Making the most of food waste

Eden Juice uses misshapen fruit and vegetables that would otherwise be wasted to make cold-pressed juices.

The amount of food waste is decreasing locally due to hardworking producers, proactive retailers and innovative BYU students.

BYU student Cameron Kirby wants to decrease food waste by using imperfect produce to make healthy cold-pressed juices. Kirby’s product, Eden Juice, is made from fruits and vegetables that grocers throw out merely because of their unappealing appearance. Most misshapen produce is wasted even if it is edible.

A recent study by Arizona State University researchers found that U.S. residents waste about 40 percent of their food each year. This is based on total food production in a given year, not just leftovers. That means almost half of the food ready for harvest is thrown away. Researchers estimate that this waste equates to $165 billion each year.

While multiple factors contribute to food waste, aesthetic standards contribute to the waste of good produce. Eden Juice takes the misshapen produce and creates a cold-press drink. Cold-press juicing crushes food and presses it rather than forcing food through spinning blades, which causes juices to warm up significantly. Additionally, Eden Juice’s mission is an open critique against perfectionist stereotypes similar to those purveyed by the cosmetic industry.

“We believe that these superficial imperfections aren’t flaws to be corrected but traits to be celebrated,” said Dan Blake, co-founder of Eden Juice. “And we wanted to put these differently shaped fruits and veggies to good use by making clean and healthy cold-pressed juices.”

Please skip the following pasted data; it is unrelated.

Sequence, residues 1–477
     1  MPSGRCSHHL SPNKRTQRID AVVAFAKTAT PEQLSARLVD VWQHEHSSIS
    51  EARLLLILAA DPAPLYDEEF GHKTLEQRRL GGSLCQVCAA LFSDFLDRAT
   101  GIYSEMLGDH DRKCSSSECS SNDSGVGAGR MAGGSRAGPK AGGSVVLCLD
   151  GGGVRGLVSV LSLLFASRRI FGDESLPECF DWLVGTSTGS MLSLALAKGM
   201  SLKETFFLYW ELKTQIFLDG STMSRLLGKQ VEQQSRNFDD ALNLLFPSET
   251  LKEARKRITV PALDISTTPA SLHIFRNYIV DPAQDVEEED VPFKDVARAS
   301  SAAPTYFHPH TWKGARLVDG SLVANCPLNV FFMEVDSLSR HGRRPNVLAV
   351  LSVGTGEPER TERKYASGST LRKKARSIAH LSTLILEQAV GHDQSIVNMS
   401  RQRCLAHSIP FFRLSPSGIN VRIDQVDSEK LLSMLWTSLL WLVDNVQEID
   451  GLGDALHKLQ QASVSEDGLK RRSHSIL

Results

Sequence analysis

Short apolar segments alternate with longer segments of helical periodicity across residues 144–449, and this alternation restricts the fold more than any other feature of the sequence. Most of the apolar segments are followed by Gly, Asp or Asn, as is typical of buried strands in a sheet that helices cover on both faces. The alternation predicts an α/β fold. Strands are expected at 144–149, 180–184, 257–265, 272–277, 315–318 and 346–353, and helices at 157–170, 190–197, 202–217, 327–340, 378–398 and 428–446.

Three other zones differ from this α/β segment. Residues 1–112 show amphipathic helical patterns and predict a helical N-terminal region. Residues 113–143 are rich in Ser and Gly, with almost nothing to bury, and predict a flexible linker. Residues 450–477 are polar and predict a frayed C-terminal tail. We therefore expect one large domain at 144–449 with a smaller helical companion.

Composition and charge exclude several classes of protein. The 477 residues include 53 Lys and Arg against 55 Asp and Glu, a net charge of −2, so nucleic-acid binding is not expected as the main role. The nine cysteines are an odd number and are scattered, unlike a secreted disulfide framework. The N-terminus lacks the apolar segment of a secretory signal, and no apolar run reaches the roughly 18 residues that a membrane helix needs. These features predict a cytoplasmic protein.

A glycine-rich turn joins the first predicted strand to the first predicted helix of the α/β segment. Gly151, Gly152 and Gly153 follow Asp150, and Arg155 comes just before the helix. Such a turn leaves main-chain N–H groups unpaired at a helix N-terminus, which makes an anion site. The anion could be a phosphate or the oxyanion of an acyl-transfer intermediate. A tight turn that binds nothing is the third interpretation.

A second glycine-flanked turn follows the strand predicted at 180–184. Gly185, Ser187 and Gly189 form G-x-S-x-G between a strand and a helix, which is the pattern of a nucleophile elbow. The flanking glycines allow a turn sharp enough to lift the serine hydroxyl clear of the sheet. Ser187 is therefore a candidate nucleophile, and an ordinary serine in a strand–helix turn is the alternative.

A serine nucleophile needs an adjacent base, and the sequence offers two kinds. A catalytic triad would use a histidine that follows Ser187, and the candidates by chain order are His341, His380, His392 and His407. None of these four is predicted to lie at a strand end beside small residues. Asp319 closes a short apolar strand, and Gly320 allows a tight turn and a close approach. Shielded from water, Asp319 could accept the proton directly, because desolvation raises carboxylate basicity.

A Kickstarter campaign for Eden Juice began on April 20, with a goal to raise $12,500 by May 20 to cover the costs of starting a cold-press plant. The goal was reached within the first 24 hours. In total, Eden Juice raised $16,200. Larger-scale production started June 1.

Lolo’s Fresh Food Warehouse in Provo combats food waste by allowing locals to pick up remaining expired produce for free. Many use the expired produce to feed animals.

“We try to throw away the least amount possible,” said Jennifer Winters, an assistant manager at Lolo’s.

Lolo’s collaborates with local churches, food banks and homeless shelters to decrease food waste. While many restaurants are forced to throw away extra produce due to legal issues, several local grocers are searching for opportunities to help others instead of waste purchased goods.

However, producers are faced with unique challenge. According to Newman Giles, owner of Eagle Eye Produce in Layton, they do all they can to decrease food waste by working more closely with restaurants. If produce is misshapen Eagle Eye sells it to restaurants to use for ingredients. It may take multiple steps, Giles said, but they find buyers for almost all their produce. Even excess pumpkins are sold, and cows eat all the leftovers.

Wal-Mart Neighborhood Market in Provo ensures that no food is wasted. Assistant Manager Ken Jorgensen said unsold goods go to Feeding America, a nonprofit organization that has food banks nationwide. Jorgensen believes the partnership supports a noble cause.

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